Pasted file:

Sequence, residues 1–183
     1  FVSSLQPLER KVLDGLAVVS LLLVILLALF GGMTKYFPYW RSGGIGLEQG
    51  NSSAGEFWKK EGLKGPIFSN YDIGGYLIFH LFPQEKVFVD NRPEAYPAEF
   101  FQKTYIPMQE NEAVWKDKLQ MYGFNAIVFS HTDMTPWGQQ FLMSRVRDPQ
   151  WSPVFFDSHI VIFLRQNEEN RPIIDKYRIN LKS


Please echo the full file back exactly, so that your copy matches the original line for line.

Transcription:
Sequence, residues 1–183
     1  FVSSLQPLER KVLDGLAVVS LLLVILLALF GGMTKYFPYW RSGGIGLEQG
    51  NSSAGEFWKK EGLKGPIFSN YDIGGYLIFH LFPQEKVFVD NRPEAYPAEF
   101  FQKTYIPMQE NEAVWKDKLQ MYGFNAIVFS HTDMTPWGQQ FLMSRVRDPQ
   151  WSPVFFDSHI VIFLRQNEEN RPIIDKYRIN LKS